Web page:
Sky-Watcher USA is finally moving to re-brand their telescope lines to conform to their international operations. That means the name and look of many of their telescopes will change in the coming months. The ProED refractors will be called Evostar; Mak-Cassegrains will be Skymax; Mak-Newtonians will be Starlux; Traditional Dobsonians will be Classic Dobsonians; and their Collapsible Dobsonians will be Flextube Dobsonians. They had many of these scopes on display with the new green trim. The difference from the old scopes isn't huge, but it is noticeable.
They also have a new lightweight EQM-35 mount. This compact equatorial mount has a capacity of about 22 lbs, and it also features a removable declination axis to reduce the weight of the mount head. In this configuration, it can be used for tracking in the RA axis only for astrophotography with a DSLR and lens.
Sky-Watcher also announced a new WiFi module for their SynScan controllers, and they released handful of new telescopes including 72mm Evostar and 150mm Evostar refractors, a 50mm Evoguide guide scope, and some new Maks. All these products are expected out in June.
Explore Scientific had a big booth and their beautiful silver Airstream trailer on site (aka 'Barbara Jean'). They had a lovely 152mm ED refractor on display listed for about $10,000. They also had a new 20" truss-tube Dobsonian, a remarkably compact instrument with a focal ratio of f/3.6 and a price of $8,600.
On the eyepiece display table was a couple of prototypes of their new 52-degree eyepieces. A quick look revealed a comfortable eye relief, far better than a Plossl, and characteristically good build quality. These are expected out later this summer.
William Optics had plenty of their pretty telescopes on display including a pair of their new GT153 153mm refractors. They also had their lovely new WO-EQ35 Equatorial Mount & A-Z103 Package on the floor. The William Optics branded mount is produced by and very similar to the Sky-Watcher EQM-35 mount and comes with a pier and tripod.
Daystar Filters had perhaps the most unusual and innovative new mount at NEAF. Called the Zerostar, this dual-arm mount and tripod are made of carbon fiber and powered with a built-in lithium-ion battery. The capacity of the mount is 50lbs, yet the entire assembly, including tripod, weighs just 12lbs. It's easy to lift with one hand! The mount is completely self-aligning, even in daytime. The cost? About $3,600!
The show also featured several talks by space and astronomy experts, including an expansive lecture by the Nobel Prize winner John Mather from NASA Goddard about the past and future of the universe, no less.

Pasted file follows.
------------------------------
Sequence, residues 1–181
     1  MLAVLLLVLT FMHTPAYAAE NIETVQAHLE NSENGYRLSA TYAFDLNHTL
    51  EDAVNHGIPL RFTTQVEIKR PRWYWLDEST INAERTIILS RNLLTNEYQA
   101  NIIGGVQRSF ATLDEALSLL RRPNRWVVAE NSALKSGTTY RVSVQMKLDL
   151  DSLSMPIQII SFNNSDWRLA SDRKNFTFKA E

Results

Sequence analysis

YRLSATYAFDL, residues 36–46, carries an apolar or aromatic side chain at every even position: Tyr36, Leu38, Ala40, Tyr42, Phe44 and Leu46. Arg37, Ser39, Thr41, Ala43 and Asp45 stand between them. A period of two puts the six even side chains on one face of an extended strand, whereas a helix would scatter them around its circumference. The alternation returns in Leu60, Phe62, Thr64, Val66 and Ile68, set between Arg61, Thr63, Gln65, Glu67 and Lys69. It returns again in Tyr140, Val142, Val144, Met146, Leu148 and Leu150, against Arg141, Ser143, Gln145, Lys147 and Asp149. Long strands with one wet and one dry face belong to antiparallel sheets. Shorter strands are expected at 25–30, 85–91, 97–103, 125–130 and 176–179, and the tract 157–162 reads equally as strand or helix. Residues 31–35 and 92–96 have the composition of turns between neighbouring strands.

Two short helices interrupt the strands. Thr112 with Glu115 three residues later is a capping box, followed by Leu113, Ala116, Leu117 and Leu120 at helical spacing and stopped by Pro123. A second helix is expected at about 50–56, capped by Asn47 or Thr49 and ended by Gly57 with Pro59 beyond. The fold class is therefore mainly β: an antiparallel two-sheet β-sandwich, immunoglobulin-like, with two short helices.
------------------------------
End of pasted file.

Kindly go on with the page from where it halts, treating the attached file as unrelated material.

Kelly Beatty of Sky and Telescope explained the observing prospects for the next several total and annular eclipses through 2024. The eclipses in South America in 2019 and 2020 are promising if you can get to the right location. And the next North American eclipse of 2024 will be a significant event, but it may not have optimal weather prospects compared to the 2017 eclipse because it happens in early northern spring. The best weather in the U.S. for this eclipse is likely in southwest Texas.
David Eicher (at right) moderates a panel discussion on the future of amateur astronomy with, from left to right, Will Clodfelder, Pranvera Hyseni, and Grant Regen.
Finally, on Sunday, three young astronomers each gave a short talk on 'Future of Amateur Astronomy' followed by a panel discussion moderated by David Eicher of Astronomy magazine. Two of the speakers were impressive high-school seniors who are off to study astronomy at major universities. The third, Pranvera, Hyseni, has almost single-handedly founded an astronomy outreach program in her native Kosovo. Although all three are well versed in the modern art of social media, and they are well aware of the fleeting attraction of the overwhelming deluge of astronomical images on the internet, they all agreed on one thing: to attract newcomers to amateur astronomy, the best approach is to give them a look through a telescope at a showpiece object like the Moon, Saturn, or a colorful double star or star cluster. In other words, the real thing. Very heartening indeed.About the Author
Brian Ventrudo is a writer, scientist, and astronomy educator. He received his first telescope at the age of 5 and completed his first university course in astronomy at the age of 12, eventually receiving a master's degree in the subject. He also holds a Ph.D. in engineering physics from McMaster University. During a twenty-year scientific career, he developed laser systems to detect molecules found in interstellar space and planetary atmospheres, and leveraged his expertise to create laser technology for optical communications networks. Since 2008, Brian has taught astronomy to tens of thousands of stargazers through his websites OneMinuteAstronomer.com and CosmicPursuits.com.
This article is © AstronomyConnect 2018. All rights reserved.